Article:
Lagos State government and Nigerian Maritime and Safety Agency (NIMASA) have said they would collaboratively work to decongest Apapa of its perennial gridlock.
Apapa, a host community to Nigeria’s busiest seaports (Apapa and Tin Can Ports), is daily bedevilled by gridlock. It has been blamed on number of factors, including port management of the ports, multiple security agencies, absence of electronic call-up system to regulate entry of trucks into the ports, as well as the activities of tanker drivers who occupy roads leading in and out of the ports. As a result, residents and businesses in Apapa have continued to suffer losses with property value depreciating as businesses relocate to saner environments.
The Federal Government recently disbanded the traffic management taskforce it set up for Apapa and handed over the responsibility to the Lagos State government, which has constituted a committee drive the traffic management process.
The state government and NIMASA agreed on Tuesday they would be leveraging the committee to decongest the ports environment and restore sanity.
They agreed to this when Bashir Jamoh, the director-general of NIMASA, led top management of the agency on a visit to Governor Babajide Sanwo-Olu, at Lagos House, Ikeja.
Jamoh said this was necessary because in spite of the rising insecurity within the Nigerian maritime space, Lagos remains the only state with highest level of maritime safety.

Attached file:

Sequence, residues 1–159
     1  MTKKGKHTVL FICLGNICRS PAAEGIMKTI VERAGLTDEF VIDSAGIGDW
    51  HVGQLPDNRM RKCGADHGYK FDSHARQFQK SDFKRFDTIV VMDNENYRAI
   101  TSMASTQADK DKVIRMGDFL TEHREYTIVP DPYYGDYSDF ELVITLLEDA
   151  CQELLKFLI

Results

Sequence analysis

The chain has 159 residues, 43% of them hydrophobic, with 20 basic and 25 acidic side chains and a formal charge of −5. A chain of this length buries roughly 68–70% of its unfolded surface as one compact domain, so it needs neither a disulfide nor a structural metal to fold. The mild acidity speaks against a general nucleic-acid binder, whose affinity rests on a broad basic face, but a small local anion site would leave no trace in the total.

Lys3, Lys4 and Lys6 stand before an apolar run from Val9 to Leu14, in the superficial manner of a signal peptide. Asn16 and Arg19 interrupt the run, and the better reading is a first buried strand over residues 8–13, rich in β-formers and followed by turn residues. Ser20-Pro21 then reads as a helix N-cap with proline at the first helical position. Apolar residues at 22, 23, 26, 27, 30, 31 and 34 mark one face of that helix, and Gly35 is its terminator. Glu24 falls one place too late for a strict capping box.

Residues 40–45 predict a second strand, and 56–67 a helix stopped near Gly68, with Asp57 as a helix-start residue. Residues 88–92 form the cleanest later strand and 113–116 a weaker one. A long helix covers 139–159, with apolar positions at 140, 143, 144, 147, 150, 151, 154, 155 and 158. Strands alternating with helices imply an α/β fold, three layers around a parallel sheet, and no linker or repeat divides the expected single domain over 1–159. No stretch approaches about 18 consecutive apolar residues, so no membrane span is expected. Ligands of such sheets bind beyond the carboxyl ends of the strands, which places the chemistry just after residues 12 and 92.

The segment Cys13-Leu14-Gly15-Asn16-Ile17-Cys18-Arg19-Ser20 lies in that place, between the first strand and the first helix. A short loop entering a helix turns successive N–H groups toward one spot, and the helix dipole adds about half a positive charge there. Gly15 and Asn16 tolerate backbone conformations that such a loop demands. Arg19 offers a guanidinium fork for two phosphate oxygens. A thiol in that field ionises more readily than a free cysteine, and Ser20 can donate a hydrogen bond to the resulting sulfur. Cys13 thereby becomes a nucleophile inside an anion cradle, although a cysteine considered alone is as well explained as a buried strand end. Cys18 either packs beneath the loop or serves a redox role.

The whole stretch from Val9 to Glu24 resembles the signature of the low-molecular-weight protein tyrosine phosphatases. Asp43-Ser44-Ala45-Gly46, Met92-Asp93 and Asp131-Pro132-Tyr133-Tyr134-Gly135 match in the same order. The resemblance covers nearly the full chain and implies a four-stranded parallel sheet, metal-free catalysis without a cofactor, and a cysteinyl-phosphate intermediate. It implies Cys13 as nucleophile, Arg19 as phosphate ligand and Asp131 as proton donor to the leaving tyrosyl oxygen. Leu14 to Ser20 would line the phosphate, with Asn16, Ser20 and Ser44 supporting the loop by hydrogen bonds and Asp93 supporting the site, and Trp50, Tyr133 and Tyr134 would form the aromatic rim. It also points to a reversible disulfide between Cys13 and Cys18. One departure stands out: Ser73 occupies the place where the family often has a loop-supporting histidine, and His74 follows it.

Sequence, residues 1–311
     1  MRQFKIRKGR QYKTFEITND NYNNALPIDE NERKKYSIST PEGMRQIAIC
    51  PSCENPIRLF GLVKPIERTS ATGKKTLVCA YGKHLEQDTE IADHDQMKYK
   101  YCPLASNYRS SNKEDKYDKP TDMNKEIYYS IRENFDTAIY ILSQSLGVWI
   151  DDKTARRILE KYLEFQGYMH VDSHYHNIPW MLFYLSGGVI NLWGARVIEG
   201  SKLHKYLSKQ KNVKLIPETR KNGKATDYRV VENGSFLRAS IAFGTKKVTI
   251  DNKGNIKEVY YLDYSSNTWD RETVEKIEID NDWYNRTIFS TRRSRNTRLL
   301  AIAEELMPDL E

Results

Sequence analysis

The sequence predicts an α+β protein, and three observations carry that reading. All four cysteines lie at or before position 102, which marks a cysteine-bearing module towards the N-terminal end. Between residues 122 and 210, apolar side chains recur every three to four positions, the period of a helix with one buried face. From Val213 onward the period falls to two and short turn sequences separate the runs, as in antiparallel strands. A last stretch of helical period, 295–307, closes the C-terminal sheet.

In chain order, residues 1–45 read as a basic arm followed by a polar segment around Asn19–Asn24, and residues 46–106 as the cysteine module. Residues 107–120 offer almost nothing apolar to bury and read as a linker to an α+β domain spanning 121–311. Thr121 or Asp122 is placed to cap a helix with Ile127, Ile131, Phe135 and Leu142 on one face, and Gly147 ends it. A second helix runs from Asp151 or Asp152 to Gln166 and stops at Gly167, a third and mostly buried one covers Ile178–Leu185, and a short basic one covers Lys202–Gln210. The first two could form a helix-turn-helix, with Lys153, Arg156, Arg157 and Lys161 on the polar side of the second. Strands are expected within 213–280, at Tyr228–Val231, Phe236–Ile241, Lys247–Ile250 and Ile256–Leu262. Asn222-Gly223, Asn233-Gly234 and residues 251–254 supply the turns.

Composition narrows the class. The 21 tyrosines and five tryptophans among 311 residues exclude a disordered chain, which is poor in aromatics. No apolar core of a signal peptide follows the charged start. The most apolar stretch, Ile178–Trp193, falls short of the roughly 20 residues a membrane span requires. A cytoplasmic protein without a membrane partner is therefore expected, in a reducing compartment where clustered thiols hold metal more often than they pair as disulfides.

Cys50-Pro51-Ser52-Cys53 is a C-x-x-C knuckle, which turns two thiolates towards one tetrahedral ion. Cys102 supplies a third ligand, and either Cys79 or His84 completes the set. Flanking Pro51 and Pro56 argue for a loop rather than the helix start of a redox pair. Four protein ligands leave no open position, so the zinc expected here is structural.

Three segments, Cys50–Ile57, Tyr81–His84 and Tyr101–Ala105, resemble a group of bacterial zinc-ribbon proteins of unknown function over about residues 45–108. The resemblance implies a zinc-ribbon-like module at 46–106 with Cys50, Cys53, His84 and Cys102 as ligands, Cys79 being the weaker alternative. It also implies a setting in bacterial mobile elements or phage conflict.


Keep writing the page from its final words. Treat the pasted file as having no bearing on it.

While identifying area of partnerships between the state government and NIMASA, the DG said the extinction of the fishing industry was due to insecurity on the waterways, adding that the agency was ready to partner Lagos State to ensure safety on the waterways.
“We are seeing the extinction of the fishery industry due to maritime insecurity. About 98 per cent of the maritime insecurity originates from land to sea but Lagos still remains the state that has the highest maritime security,” he said.
Other areas of partnerships, he said, would be ferry services, waste management on the sea, and the extension and development of the shipping industry.
“We need alliances and we have recognised Lagos State as one of our alliances,” he said.
Governor Sanwo-Olu on his part said Lagos was responsible for over 70 percent maritime activities, adding “it is important we work collaboratively.
“Another area of partnership is in the area of wreckage. Once we find those wreckages, we should put them out. We are at the stage of completing 15 jetties in the state. We have moved over 250,000 passengers through our ferries in less than a year. Our plan is to develop the waterways where people do a lot. It is a deliberate strategy we need to look at,” the governor said.